Letting Life Lead
Over the years I have read a lot of material on writing and being a writer. I’ve read “What to Do Lists” and “What Not to Do Lists” and “Top Tips for Avoiding X” and “Top Tips for Doing Y.”
If you read long enough and hard enough there will be a contradiction to the contradictions. It’s about as clear as the sentence, “A ship shipping ship shipping shipping ships.”
For a moment the brain shouts, “Aha! I got it!”
And then, “Wait…what?”
Too. Much. Input.
I have to accept that I don’t get it. When I get it I forget where I put it. I really don’t know what to do or how to do it or what to avoid and how to avoid it.
I do what I can do.
I try to get what is in my head out. There’s a lot going on in there.
It smarts when I write something that crashes and burns even though I had been feeling all yeahIgotthis instead of thisisdogfartafterbroccolicasserole.
When I put something out there and it’s not received quite like I imagined in my head, it stings.
When the confusion extends to how to fix it, that’s the virtual salt.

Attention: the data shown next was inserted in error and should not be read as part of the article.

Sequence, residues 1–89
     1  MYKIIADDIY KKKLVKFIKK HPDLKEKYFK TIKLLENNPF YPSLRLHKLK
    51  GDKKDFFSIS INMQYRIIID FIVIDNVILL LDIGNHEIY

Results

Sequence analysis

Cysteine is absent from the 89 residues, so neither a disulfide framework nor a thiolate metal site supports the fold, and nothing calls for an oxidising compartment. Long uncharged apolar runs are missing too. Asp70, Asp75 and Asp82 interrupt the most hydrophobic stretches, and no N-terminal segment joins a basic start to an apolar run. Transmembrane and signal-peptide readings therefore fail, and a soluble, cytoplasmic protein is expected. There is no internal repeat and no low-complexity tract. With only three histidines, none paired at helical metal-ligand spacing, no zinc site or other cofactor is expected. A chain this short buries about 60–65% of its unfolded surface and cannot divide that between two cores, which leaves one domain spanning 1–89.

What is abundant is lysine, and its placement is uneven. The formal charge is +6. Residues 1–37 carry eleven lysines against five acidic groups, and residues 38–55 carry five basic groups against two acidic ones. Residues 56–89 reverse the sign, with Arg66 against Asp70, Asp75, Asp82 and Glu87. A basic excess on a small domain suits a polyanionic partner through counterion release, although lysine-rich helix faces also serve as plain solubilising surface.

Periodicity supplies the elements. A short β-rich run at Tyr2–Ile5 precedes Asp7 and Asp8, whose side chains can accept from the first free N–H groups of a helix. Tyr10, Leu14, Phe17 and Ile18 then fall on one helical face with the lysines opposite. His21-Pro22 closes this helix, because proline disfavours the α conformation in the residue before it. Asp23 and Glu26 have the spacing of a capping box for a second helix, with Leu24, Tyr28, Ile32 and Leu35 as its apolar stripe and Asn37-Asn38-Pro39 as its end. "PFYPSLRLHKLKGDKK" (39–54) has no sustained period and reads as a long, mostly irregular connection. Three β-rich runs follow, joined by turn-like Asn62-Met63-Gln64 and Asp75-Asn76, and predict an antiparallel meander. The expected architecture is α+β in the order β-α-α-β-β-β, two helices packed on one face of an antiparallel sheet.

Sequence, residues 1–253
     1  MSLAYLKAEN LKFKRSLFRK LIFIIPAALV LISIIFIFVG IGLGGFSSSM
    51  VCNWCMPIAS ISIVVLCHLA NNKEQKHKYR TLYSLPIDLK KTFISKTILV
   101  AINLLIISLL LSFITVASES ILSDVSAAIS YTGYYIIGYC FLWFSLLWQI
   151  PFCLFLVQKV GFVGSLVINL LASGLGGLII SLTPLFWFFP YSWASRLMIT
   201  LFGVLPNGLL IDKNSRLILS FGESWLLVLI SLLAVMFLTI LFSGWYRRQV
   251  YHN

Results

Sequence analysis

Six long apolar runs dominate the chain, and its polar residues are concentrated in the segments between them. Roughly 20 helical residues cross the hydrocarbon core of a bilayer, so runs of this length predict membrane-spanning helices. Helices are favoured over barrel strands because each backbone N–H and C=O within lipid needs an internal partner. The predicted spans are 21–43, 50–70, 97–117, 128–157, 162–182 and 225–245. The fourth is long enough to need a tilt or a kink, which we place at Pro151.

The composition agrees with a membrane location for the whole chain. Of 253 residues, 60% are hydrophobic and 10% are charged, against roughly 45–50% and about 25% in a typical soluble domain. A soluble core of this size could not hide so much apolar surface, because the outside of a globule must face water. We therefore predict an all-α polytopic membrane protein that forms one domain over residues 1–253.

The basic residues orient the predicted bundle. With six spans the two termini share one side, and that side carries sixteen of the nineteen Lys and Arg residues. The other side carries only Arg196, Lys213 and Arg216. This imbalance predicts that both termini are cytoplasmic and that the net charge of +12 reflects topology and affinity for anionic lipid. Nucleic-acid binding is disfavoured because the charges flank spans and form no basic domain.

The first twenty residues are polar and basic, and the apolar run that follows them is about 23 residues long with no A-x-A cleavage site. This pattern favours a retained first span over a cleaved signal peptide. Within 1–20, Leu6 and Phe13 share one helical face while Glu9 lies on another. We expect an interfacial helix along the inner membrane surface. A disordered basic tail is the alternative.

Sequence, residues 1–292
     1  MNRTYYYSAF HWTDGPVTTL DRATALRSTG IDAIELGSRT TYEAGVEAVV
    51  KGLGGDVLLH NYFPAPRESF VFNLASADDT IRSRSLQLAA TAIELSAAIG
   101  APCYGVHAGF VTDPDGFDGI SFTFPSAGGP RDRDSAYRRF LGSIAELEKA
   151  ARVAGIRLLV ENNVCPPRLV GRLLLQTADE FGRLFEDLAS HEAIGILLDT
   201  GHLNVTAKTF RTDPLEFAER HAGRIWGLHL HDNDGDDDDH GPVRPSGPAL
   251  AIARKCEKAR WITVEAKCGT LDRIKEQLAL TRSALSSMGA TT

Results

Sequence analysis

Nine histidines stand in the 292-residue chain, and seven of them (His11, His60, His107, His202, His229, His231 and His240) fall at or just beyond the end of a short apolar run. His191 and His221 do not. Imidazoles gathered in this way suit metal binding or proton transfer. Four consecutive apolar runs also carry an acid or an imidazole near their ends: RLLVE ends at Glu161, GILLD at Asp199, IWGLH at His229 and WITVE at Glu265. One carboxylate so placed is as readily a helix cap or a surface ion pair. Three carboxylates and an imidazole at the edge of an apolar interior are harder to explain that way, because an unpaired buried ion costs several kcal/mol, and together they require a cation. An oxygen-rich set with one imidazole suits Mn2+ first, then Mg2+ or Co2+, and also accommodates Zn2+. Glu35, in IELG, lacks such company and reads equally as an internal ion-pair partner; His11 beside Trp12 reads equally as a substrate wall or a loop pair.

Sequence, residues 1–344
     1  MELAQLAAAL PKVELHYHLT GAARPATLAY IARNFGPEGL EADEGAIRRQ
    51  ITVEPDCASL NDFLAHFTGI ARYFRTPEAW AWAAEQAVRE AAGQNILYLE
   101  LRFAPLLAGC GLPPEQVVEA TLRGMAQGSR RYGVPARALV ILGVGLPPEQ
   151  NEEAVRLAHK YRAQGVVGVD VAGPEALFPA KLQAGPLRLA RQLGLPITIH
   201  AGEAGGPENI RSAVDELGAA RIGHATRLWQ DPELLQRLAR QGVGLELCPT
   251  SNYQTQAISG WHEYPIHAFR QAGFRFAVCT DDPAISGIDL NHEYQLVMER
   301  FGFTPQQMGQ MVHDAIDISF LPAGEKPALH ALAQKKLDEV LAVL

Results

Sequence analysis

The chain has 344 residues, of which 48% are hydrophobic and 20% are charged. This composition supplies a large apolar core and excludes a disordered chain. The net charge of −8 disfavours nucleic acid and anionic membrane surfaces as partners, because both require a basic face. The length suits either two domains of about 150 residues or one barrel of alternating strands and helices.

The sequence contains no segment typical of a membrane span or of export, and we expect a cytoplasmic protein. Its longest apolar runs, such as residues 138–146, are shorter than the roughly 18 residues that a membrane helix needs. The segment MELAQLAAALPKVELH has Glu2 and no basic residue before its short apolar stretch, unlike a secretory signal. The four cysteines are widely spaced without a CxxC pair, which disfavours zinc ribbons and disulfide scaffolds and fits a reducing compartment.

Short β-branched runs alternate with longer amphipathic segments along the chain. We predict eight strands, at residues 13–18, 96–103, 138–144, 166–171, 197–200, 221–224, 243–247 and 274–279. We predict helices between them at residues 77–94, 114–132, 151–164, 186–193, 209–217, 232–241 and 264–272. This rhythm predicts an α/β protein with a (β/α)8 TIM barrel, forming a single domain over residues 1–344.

But, this time it pained a little less and I didn’t stay up all night gnawing on it and stabbing myself with the doubt. This time I put the doubt on the side table and picked it up in the morning.
There’s a mean judge’s panel living in my brains.
They rate my artistic efforts.
They remind me they told me so when things go sideways.
And when I prove them wrong on occasion they give me that look.
The look that says, “You call that a success? Please.”
Sometimes the nice one shows up and twitters something about believing in myself.
So why don’t I just stop the self-torture?
Before I have a chance to really feel proper dejection, a new story worries in my brain while I fill the dishwasher and avoid the laundry and pick up cat vomit.
I write because I can’t stop thinking.
If I don’t write it down, my mind writes them in thoughts; if I wait too long they are lost (or I go mad).
I write a lot of things that never get seen by anyone but me because I’m frozen by indecision. My internal judge’s panel provides conflicting advice on an individual story’s worthiness.
Maybe I should take this backlog of stories and send them out en masse. That way I can get rejects all at once and maybe, just maybe, one of them will stick. Law of probability!
Oh, yeah, I “hear” voices.
It’s fine. I didn’t name them or anything.
Unless they end up in a story…
I might already be mad.
So much for that.
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